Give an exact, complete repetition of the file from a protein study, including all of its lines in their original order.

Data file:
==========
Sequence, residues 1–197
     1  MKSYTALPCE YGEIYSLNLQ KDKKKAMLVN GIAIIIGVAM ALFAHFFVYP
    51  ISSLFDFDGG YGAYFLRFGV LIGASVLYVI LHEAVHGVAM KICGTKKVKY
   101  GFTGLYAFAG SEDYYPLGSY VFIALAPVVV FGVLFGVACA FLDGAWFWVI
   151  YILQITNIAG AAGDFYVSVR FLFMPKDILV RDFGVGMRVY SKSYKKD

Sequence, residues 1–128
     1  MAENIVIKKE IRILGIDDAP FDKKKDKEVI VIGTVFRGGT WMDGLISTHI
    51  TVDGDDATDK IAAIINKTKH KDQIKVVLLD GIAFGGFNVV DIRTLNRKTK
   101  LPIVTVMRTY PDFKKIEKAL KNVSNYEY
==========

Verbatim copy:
Sequence, residues 1–197
     1  MKSYTALPCE YGEIYSLNLQ KDKKKAMLVN GIAIIIGVAM ALFAHFFVYP
    51  ISSLFDFDGG YGAYFLRFGV LIGASVLYVI LHEAVHGVAM KICGTKKVKY
   101  GFTGLYAFAG SEDYYPLGSY VFIALAPVVV FGVLFGVACA FLDGAWFWVI
   151  YILQITNIAG AAGDFYVSVR FLFMPKDILV RDFGVGMRVY SKSYKKD

Sequence, residues 1–128
     1  MAENIVIKKE IRILGIDDAP FDKKKDKEVI VIGTVFRGGT WMDGLISTHI
    51  TVDGDDATDK IAAIINKTKH KDQIKVVLLD GIAFGGFNVV DIRTLNRKTK
   101  LPIVTVMRTY PDFKKIEKAL KNVSNYEY